dim your house)

Some of these circuits can be annoying (part 1)... generating
'noise' on the power lines throught your house. this will
show up as static/interferance on TV's and Radios (and that
even includes when listening tape or cd players), as well as
some other electric devices...this is a problem, i'm not sure
what to do about it, but a noise filter may help

To prevent any possible problems Do Not attach these to the
same circuit as your Computer, Stereo, Or TV unless you have
a good line conditioner for it

I did not design any of the circuits here, but I did modify
a few of them to work with standard 120vac

Never overload the control circuit check the wattages page
to get some idea of how much power a set takes

These are only for use with standard 120 volt AC (USA,
Canada, etc.) If you live in a country that uses a
different voltage, do not attempt to use these.
(some can be modified to work with 240v but i won't go
into it here)

Some of these may cause interferance on the TV or Radio.

Computer controls can damage or destroy a computer if not
done correctly

Always have someone double check your work before connecting
power to anything you've worked on.

Electricity and Water do not mix.

Avoid working in any area where flammable products (such as gas/
paint/etc) are stored or used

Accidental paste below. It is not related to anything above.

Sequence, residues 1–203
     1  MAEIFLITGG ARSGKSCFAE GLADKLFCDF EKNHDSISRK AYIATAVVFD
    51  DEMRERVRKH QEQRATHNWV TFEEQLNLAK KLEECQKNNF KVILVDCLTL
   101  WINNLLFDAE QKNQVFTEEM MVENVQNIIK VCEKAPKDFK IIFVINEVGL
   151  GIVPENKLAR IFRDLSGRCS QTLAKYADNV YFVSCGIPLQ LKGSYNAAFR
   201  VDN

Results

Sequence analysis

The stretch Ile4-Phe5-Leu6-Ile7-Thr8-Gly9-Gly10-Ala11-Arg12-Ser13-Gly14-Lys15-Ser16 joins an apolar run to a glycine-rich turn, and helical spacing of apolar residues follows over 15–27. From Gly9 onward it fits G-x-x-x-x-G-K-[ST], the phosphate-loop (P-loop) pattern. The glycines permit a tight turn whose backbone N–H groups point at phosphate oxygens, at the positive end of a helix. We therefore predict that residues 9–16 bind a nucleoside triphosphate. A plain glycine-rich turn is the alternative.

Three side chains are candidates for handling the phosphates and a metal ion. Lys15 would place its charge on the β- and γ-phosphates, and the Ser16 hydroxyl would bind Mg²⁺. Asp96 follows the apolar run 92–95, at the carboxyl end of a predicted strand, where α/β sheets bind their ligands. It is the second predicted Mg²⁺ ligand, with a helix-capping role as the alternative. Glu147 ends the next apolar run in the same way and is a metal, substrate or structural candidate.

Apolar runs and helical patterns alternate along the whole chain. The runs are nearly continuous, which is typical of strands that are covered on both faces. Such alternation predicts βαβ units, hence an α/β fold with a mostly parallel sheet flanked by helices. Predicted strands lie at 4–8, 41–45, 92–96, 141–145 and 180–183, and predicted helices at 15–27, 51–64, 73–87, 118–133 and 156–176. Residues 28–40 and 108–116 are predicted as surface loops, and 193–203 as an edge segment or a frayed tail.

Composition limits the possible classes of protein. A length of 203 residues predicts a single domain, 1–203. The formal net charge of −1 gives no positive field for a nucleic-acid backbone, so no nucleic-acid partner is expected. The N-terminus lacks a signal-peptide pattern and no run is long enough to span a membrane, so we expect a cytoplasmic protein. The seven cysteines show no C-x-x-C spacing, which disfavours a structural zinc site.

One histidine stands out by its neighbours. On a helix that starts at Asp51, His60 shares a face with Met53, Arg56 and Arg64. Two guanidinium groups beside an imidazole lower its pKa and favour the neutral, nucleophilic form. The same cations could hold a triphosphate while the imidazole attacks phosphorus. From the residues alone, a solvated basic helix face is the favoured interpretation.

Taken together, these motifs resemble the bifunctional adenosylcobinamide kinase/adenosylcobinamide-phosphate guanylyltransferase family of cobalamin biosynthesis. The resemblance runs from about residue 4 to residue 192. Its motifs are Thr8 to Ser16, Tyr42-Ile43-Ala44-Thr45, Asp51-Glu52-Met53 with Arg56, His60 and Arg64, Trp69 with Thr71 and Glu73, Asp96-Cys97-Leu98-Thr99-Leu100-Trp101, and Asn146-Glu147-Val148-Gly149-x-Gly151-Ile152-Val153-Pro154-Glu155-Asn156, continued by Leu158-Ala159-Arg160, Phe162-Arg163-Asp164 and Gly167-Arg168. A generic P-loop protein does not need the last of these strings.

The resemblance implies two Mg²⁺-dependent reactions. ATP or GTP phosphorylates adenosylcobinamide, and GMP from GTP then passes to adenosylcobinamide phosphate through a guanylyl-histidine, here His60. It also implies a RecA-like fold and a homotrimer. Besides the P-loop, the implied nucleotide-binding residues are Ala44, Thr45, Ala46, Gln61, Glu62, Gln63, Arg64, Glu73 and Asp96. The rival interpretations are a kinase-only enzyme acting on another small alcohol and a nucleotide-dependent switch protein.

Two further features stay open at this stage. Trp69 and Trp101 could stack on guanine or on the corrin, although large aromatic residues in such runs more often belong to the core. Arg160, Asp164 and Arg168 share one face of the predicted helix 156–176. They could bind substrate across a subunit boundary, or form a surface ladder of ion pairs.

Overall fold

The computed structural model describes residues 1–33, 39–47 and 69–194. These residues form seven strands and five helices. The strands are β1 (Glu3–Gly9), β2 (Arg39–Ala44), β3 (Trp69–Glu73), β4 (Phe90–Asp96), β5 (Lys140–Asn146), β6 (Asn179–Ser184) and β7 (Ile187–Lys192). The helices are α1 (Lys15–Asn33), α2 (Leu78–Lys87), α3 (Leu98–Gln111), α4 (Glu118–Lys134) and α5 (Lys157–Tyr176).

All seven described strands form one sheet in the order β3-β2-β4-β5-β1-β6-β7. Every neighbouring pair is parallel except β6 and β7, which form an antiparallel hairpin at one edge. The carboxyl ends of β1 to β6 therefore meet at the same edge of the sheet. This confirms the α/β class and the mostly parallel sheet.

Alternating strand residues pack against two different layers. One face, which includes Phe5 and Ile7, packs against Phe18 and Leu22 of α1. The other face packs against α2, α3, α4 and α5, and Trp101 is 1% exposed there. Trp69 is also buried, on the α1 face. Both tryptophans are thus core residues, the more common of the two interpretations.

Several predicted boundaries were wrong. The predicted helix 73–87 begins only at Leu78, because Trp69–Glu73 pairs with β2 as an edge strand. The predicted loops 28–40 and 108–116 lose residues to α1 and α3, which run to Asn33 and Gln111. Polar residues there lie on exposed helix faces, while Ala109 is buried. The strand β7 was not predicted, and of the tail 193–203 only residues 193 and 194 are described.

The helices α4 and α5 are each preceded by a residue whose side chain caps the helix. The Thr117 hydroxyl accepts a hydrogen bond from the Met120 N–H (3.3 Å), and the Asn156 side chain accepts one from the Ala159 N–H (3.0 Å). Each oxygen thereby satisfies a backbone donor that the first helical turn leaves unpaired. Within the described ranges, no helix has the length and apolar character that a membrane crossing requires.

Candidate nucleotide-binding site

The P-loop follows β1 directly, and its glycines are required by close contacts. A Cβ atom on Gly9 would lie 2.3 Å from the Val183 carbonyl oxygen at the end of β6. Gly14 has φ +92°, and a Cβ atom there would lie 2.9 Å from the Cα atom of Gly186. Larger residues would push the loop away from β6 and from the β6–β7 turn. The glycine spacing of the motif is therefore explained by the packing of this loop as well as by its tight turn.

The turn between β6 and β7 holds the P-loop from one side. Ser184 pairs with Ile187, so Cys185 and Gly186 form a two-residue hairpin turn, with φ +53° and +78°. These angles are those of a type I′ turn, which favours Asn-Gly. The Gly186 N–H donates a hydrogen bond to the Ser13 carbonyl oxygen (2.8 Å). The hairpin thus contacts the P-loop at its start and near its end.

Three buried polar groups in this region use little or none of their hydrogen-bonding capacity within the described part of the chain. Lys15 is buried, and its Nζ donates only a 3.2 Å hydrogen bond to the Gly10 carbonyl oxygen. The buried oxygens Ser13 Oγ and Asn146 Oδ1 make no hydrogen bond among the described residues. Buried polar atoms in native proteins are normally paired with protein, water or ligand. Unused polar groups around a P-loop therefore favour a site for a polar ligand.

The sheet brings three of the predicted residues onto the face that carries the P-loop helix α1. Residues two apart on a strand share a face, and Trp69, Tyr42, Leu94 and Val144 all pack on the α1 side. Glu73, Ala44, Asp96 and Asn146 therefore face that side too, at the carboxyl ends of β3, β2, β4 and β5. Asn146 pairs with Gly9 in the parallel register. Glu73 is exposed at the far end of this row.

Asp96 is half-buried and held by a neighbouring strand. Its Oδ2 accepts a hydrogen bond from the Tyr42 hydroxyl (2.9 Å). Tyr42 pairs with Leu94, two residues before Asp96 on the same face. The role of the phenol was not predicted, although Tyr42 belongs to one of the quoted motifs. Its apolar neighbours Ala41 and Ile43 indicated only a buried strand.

Do not work with electric items when you are tired, being tired
will only increase the chance of mistakes

Avoid working on electric products if you have consumed any
alcoholic beverages or drugs (medical or otherwise) as these
will impair your ability to concentrate on your work

if you become frustrated while working on something, set it
down and walk away (turn off / unplug any equipment you have
on)

Keep your work area clean and organized. If you work in a room/
area without windows (or work at night) install a automatic backup
light... that way when you blow a circuitbreaker/fuse you will not
be in the dark.

Do not overload Circuits/Extension cords/Lightsets/ Etc

Modifying any electric product WILL VOID any warranty on it

Using any electric product for other than its intended use WILL
VOID any warranty on it

In addition there is a chance you will void your insurance by
using modified or home-built electric items, if that item
causes a problem such as a fire

This is only a partial list of the cautions/dangers there are
many more not listed here (but still apply)

Always remember...
Be safe!
It is not worth risking your life or home over an electric item!

I can not be held responsible for any damage, death, fire,
etc. resulting from the use or misuse of these circuits

This page and the images on it (c) 1999 - 2016 James K